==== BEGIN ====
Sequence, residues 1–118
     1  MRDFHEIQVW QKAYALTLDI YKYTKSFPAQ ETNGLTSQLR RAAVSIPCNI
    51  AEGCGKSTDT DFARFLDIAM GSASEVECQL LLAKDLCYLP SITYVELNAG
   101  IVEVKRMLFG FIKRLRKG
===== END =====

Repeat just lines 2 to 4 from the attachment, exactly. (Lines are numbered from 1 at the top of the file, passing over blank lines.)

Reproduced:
     1  MRDFHEIQVW QKAYALTLDI YKYTKSFPAQ ETNGLTSQLR RAAVSIPCNI
    51  AEGCGKSTDT DFARFLDIAM GSASEVECQL LLAKDLCYLP SITYVELNAG
   101  IVEVKRMLFG FIKRLRKG